Monday, January 14, 2008

She's a Lady

Welcome to a guest blogger from HGO's production of MAGIC FLUTE...

Hi there! My name is Jamie Barton and I am performing the role of the 3rd Lady in Die Zauberflöte. This is my first year in the Houston Grand Opera Studio, and this is my first opera role on the big stage. This also happens to be my first opera by Mozart, my first German opera, and the first opera where I have had to learn dialogue in a different language. That’s a lot of firsts!

My role as 3rd Lady is not very large, but it is challenging: I am just one in an ensemble of three women who almost always sing together. It is not too often that singers in my line of training have to focus almost all of their energy on being a part of a group of singers. There are only a few shows that I can think of that feature a small group of characters that have to "sing as one voice". A lot of times they serve as background characters -- something as minimal as the single minded group of doo-wop girls in Little Shop of Horrors first comes to mind, as do the trio of gossipers in Kurt Weill’s Street Scene. I guess the most famous trio of operatic ladies other than the trio in Die Zauberflöte are the Rheinmaidens in Das Rheingold. I actually just sang as one of the Rheinmaidens in the Studio opera scenes back at the beginning of December! Although the three Rheinmaidens tend to have a few more solo lines, they do sing together a lot and represent one unified purpose. Perhaps in a funny way it prepared me for the uniqueness of performing the 3rd Lady in Die Zauberflöte. Although the Rheinmaidens are done within the first scene of a very long opera (and don’t return until several operas later), the performance time on stage is about the same as the three ladies in Die Zauberflöte. They also have very similar jobs… the ladies in Die Zauberflöte are sent by the Queen to do her bidding, which often involves using their womanly wiles as a tool of deception to guide Tamino and Papageno to do the Queen’s bidding. Similarly, the Rheinmaidens were placed at the River Rhein by their father Wotan, ruler of the Gods, to do his bidding of defending the golden treasure at the bottom of the river. How do they do this? By detracting men from their location by using their womanly wiles as a tool of deception, of course! I wonder where composers got that idea…

Singing as "one voice" in a trio that is supposed to think as one mind has its difficulties! First of all, one must understand that we are all trained to sing individually. That’s not to say that opera singers never sing with other people – we just tend to sing a lot more by ourselves than in heavy ensemble. It is all ensemble singing for the three ladies in Die Zauberflöte, and one must make vocal adjustments to be a good ensemble singer. One of my biggest jobs as being the lowest voice in this ensemble is to provide a vocal foundation for the two higher voices. The upper two voices sometimes end up having higher notes or quicker moving vocal passages, and my job is to provide a steady and firm base for them to sing over. Our conductor, Maestro Steven Sloane, was actually talking about that the other day during rehearsal. He said (speaking about one section in the score) that the 2nd Lady and I needed to act as a steady and strong foundation so that the 1st Lady could feel at ease soaring over our line. I have sung in a lot of ensembles before training as a solo operatic singer, but this is still an interesting job to have! Of course, while it all probably sounds like our job is to constantly avoid vocal land mines and to try to act as one character, there is a lot more freedom that comes with it. Even though we almost always sing as one voice, our characters are all very different personalities (especially in this production!) This adds a lot into how we can inflect the lines and even sometimes affects what the text can mean. It is also really nice to get to sing with two other incredibly talented women. I take a lot of inspiration from how they perceive their characters and sing their lines, and it’s nice to bond with such great people!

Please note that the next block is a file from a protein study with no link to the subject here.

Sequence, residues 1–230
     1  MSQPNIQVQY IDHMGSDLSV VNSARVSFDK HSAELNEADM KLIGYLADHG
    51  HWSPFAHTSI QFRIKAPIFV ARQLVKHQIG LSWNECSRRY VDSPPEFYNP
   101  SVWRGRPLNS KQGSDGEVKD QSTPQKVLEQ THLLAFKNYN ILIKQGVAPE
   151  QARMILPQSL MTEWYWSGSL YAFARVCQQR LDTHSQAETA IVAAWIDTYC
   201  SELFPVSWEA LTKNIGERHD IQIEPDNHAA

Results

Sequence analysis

I think the hardest one of those "firsts" I was talking about earlier has been learning all of the German. I am not a native German speaker – I grew up on a farm in Rome, Georgia! So for this very American girl who often has very southern diction, it has been a long and difficult process to make me sound like I have lived in Germany all of my life. It started with a ton of work on my own. I did research on the opera by listening to recordings of native German speakers and I wrote out pronunciations and checked those pronunciations with reference books. I then started musical coachings to help me rehearse the role. The coaches at Houston Grand Opera are fantastic, so any questions I had about diction were quickly resolved. The process of learning how to sound natural has continued with having the conductor here – he happens to live in Germany, so that helps! I have found that people often have differing opinions about inflections in the spoken German lines, and that is also something I am still working around. However, I can honestly say that with every mistake I make in rehearsal and coachings (which are quite a lot, believe me), I learn something new. And, I guess that’s my job as a Studio member… to continually learn and grow as an artist. Thank goodness Houston Grand lets us learn on our feet!
You can learn more about Jamie at her site

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